Artificial intelligence and board games is not an entirely new combination. In the past, computers have already played against world chess champions or beat "Go" world champions, today board games with app support are one of the ways to bring digital and analogue together. The company "DeepMind" nevertheless goes one step further and teaches the AI ​​how to play the board game Diplomcy. Why is this so interesting? Continue reading!

In many cases, board games with a computer influence work in a simple way: One or more human players compete against an AI opponent. This is typical for chess, Go, Mah-Jong or even tabletop games with software support, such as Lord of the Rings - Journey through Middle-earth or Imperial Assault from Asmodee Hybrid games. There one side wins: player or computer, sometimes there is a tie. However, it is always a matter of so-called zero-sum games, i.e. systems in which you play against each other to win.

Diplomacy: How diplomatic can computers be?

But what happens if a board game is not a pure zero-sum game, but focuses on a game process in which interim cooperation is a key to victory? The tech company DeepMind is breaking new ground in this regard and trying to teach artificial intelligence how to work together* – with the board game classic “Diplomacy”.

The title has been around for a few years and many publishing houses, originally comes from the late fifties and is aimed at two to seven players with staying power. A game lasts around four hours, which is long for humans and not a problem for computers. It's about a classic domination concept: the players simply try to gain dominance over Europe. However, this does not succeed by sending out masses of armies, but sometimes through diplomatic channels. Exciting: There have already been some adaptations of Diplomacy for the PC, but with moderate success. The simple reason: negotiations as a core element of the board game were directly related to the "quality of the decisions" of the AI ​​players.

Behind the seemingly simple victory condition - you have to control players 18 out of 34 territories - there is a clever trick: The highlight of Diplomcy is that you always rely on the help of other players, winning on your own is almost impossible. And so individual players come together, agree non-aggression pacts or join forces against other parties. You have to know: Diplomacy has worked hard for its reputation of destroying friendships over the decades.

A player must control at least 18 of the territories to win. Photo: André Volkmann

A player must control at least 18 of the territories to win. Photo: André Volkmann

For the experts of the tech company DeepMind, the cooperation of several artificial intelligences has to work and that is completely different than with classics such as chess. Research Engineer Tom Eccles explains: “AI systems have already proven that they can outperform the best human players in zero-sum games. In this gameplay there can only be one winner and one loser. Differing from that, Diplomacy is about building alliances and fostering cooperation”. In particular, the mixture of cooperative and competitive elements makes diplomacy an interesting research challenge, adds researcher Tom Anthony.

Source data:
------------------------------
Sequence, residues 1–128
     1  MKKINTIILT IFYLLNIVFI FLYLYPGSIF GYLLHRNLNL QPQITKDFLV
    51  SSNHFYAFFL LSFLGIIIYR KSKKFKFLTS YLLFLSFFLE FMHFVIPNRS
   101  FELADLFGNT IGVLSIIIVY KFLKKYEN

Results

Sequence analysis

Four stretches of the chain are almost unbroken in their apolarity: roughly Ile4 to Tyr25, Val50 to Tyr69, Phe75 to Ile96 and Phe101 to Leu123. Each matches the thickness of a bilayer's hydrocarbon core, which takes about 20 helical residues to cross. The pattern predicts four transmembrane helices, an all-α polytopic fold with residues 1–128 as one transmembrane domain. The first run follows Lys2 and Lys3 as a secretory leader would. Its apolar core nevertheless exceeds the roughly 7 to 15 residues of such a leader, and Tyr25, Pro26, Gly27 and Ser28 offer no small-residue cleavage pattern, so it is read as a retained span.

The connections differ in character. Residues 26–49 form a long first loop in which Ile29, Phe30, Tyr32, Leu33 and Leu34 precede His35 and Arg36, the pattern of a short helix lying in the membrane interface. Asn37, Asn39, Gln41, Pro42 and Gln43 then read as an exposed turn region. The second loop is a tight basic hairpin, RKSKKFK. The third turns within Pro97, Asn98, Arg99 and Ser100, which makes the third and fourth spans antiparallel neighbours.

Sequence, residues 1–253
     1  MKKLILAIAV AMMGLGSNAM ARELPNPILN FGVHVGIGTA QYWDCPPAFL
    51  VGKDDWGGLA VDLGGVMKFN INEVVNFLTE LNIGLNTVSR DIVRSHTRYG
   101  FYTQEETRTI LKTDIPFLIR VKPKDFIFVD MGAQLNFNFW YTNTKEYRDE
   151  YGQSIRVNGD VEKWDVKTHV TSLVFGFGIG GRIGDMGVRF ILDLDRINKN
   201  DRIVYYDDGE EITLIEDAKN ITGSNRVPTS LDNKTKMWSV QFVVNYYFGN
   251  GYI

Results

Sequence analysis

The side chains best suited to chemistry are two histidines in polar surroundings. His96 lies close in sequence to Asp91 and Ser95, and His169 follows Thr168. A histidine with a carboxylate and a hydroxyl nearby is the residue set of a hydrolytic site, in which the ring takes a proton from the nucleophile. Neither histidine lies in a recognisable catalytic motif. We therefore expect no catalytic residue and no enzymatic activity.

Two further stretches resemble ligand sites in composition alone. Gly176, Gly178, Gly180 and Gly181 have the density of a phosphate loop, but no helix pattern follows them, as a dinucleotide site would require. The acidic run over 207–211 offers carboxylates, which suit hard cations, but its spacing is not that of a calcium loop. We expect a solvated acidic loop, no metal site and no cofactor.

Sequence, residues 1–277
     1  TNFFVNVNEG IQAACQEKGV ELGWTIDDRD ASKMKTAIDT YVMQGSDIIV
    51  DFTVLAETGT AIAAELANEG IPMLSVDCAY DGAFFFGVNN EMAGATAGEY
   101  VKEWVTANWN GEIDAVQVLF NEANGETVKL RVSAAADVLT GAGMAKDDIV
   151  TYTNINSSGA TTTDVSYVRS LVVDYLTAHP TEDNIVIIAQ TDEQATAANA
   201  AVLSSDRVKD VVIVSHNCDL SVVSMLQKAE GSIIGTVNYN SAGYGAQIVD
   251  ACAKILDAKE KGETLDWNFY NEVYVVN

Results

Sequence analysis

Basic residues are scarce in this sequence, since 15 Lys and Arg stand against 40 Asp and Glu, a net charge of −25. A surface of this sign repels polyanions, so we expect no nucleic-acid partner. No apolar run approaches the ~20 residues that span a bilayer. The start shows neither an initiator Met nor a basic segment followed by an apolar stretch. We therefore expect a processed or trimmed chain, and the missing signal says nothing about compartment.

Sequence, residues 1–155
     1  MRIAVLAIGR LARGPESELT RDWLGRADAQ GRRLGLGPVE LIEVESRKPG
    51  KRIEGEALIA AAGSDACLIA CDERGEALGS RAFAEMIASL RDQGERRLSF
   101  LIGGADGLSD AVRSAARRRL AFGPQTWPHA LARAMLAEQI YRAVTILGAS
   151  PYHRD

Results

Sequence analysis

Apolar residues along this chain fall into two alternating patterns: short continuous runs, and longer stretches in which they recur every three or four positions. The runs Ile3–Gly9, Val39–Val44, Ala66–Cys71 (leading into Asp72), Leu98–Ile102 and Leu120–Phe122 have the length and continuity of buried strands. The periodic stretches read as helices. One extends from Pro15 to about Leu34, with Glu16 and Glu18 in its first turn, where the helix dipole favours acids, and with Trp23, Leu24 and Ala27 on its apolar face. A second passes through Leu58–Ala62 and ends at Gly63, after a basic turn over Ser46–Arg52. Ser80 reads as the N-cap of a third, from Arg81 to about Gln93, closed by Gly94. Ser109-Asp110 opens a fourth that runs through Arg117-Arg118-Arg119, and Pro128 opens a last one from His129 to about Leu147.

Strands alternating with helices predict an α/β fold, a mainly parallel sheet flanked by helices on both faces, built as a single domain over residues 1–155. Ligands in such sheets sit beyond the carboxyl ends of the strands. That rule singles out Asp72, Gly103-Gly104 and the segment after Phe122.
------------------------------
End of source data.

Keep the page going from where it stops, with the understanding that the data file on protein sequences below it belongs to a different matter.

AI learns gunboat diplomacy

The AI ​​must be able to organize itself in a complex way, taking many factors into account. The researchers call this synergy – and it is precisely these easy and difficult decisions that artificial intelligence must bring together to form a solution. “Artificial intelligence is increasingly being applied to more complex tasks. This could mean that different autonomous systems have to work together, or at least in the same environment, to solve a task,” explains Eccles.

It is important to note that the basis for the researchers is the rule variant of Diplomacy, in which players are not allowed to speak to one another. So it's about the game decisions made in secret and the then implemented movement of the pieces. So the researchers face many questions and challenges.

However, the experts at DeepMind have an eye on how powerful AI action can be: "We start from the premise that all AI applications should remain under human control and be used for socially beneficial purposes," explains Tom Anthony. “Our teams working on technical security and ethics want to ensure that we are constantly anticipating short- and long-term risks, looking for ways to prevent those risks from occurring and finding ways to eliminate them when they do occur. "

The final goal is frightening: If Artificial Intelligences manage to interact on a level of action previously reserved for humans, what is the next step?

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